Stanford students learn both theory and best practice of agricultural sustainability on six-acre site.
Scores of alumni, faculty, students, and supporters of sustainable agriculture gathered October 14 to dedicate the The O'Donohue Family Stanford Educational Farm on six acres near the university's historic Red Barn. Visitors toured crop fields and greenhouses; sampled foods made with farm-grown produce; and had a chance to take home organic tomatoes, peppers, sweet corns, and dahlias grown on site as a memento of the event.
The educational farm program, developed by the School of Earth, Energy & Environmental Sciences, is a key component of Stanford's commitment to preparing the next generation for critical environmental and social challenges of the 21st century. “The farm embodies Stanford’s–and especially the School's–commitment to addressing some of the most critical environmental and resource challenges of the 21st century,” said Pam Matson, the Chester Naramore Dean of the School of Earth, Energy & Environmental Sciences. “It will be a place where transformative leaders grow at Stanford.”
Undergraduate courses such as Ecological Farm Management and Principles and Practices of Sustainable Agriculture are being taught at the farm, along with field laboratories for other courses, independent study research classes, workshops, and events aimed at educating youth and drawing the Stanford and local community in to experience the farm. “You’ve read about education going online, and I think there are advantages to that, but we’ve got to continue to come together in educational environments like this farm, which will be great for growing our future leaders,” said lecturer and farm director Patrick Archie.
The project came out of nearly 20 years of student and faculty advocacy to develop a learning farm on “the Farm.” Initiated with the generous support of Laura and Kevin O’Donohue, MBA ‘87, and other donors who are making the next phase of the project possible, the farm is a living laboratory offering academic and experiential learning opportunities for the Stanford community and beyond. “Kevin and I are excited that classes at the educational farm have attracted students from many disciplines across campus, including the Graduate School of Business, and student athletes like Johnny Caspers on the football team. It’s a cross pollination of educational backgrounds that have found a new community of sustainably-minded students,” said Laura O’Donohue.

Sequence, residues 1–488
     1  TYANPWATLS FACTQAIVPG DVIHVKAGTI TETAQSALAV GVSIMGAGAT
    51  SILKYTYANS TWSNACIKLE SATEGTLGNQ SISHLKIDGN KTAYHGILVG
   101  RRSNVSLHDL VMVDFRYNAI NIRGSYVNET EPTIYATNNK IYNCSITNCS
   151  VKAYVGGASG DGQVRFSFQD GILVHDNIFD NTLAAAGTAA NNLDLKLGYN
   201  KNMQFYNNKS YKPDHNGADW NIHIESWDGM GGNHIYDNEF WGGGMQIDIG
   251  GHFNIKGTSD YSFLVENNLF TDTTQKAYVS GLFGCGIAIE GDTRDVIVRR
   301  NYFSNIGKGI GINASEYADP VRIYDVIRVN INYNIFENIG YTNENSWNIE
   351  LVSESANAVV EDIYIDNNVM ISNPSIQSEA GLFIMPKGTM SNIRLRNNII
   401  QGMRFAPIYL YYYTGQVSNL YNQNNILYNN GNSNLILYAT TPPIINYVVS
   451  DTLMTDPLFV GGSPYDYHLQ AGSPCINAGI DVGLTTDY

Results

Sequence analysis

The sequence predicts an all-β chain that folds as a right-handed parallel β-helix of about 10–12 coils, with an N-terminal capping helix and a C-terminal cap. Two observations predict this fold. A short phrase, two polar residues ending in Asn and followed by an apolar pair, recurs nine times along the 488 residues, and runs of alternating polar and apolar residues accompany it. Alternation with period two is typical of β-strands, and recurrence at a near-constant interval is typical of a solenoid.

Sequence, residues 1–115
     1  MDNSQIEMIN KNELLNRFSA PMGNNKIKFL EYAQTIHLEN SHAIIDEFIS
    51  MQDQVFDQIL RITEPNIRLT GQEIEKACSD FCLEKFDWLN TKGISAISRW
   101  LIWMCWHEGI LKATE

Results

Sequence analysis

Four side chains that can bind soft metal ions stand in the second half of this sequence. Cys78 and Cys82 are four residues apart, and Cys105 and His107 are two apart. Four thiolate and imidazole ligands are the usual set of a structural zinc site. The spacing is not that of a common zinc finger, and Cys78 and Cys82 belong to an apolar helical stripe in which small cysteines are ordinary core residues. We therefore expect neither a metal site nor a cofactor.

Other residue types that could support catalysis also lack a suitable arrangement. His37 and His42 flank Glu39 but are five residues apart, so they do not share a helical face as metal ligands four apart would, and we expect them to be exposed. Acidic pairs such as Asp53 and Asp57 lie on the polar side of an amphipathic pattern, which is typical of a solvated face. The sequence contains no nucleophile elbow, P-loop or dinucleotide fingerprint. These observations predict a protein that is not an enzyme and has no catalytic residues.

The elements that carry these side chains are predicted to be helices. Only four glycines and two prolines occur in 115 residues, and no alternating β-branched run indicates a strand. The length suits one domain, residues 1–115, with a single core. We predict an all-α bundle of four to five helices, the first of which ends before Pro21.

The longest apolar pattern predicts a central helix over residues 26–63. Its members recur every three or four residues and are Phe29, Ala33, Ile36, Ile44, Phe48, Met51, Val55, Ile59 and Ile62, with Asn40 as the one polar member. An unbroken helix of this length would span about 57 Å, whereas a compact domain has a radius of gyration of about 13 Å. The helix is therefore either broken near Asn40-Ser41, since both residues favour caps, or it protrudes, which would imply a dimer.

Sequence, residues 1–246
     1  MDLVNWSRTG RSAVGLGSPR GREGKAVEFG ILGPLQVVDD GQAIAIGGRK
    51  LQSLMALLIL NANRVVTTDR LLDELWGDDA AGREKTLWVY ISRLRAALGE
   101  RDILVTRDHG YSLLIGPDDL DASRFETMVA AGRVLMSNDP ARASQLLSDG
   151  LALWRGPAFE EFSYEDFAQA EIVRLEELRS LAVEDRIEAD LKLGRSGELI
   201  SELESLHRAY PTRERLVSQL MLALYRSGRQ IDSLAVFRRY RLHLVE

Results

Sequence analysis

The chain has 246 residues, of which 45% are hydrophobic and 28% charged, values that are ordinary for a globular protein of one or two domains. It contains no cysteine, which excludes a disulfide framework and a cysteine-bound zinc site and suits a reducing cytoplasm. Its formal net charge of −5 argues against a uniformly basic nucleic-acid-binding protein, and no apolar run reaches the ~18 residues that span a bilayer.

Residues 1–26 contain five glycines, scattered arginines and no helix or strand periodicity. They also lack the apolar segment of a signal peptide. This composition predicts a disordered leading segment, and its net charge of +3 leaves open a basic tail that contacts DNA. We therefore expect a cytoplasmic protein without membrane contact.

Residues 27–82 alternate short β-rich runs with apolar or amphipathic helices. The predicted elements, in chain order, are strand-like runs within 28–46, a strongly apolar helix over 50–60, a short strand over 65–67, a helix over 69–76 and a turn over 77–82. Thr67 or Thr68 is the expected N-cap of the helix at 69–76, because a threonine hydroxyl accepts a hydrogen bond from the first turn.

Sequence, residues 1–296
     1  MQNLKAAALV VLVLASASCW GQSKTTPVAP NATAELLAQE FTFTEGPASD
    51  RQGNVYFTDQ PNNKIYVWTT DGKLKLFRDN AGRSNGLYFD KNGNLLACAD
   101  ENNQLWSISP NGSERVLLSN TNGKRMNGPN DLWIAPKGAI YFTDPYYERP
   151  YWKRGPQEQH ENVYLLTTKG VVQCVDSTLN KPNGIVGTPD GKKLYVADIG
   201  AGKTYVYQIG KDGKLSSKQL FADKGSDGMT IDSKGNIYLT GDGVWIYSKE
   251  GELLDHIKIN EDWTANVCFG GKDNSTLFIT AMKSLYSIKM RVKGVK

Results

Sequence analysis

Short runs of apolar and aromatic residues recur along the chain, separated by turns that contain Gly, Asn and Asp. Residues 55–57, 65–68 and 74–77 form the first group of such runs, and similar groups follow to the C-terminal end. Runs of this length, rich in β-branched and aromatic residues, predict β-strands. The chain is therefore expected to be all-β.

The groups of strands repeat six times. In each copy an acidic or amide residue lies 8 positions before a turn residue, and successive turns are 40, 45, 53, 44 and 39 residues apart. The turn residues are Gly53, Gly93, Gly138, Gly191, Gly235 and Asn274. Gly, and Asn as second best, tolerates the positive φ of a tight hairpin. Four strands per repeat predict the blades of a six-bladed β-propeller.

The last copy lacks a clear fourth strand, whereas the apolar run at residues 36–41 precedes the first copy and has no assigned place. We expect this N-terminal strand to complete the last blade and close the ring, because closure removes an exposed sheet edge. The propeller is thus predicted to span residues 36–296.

More than 100 varieties of vegetables, flowers, herbs, field crops and fruit are grown on the farm, with more on the way. Through research, students test new ideas about the biological, social, and environmental aspects of farm production and gain hands-on experience with the practice of sustainable agriculture. As just one example of this, Archie and his team have been experimenting with different strains of drought-resistant crops and varying watering schedules to deal with California’s current water shortages.
“It’s been an amazing opportunity really to be building this farm in the midst of a drought,” Archie said. “We’re growing an ancient Hopi corn that doesn’t get tall but it produces very nutritious grain. We’re also testing over 20 different kinds of winter squashes to see how they’ll do in drought conditions, and we have tomatoes that are productive and delicious despite being watered only twice a month.”
The farm expects to harvest more than 20,000 pounds of produce annually. Crops will feed into a new farm-to-campus program, with fresh vegetables featured at Stanford Dining, in campus cafes, and at the Teaching Kitchen @ Stanford.
“We’re just getting started,” Archie said. “This place will continue to evolve and get more and more beautiful and productive.”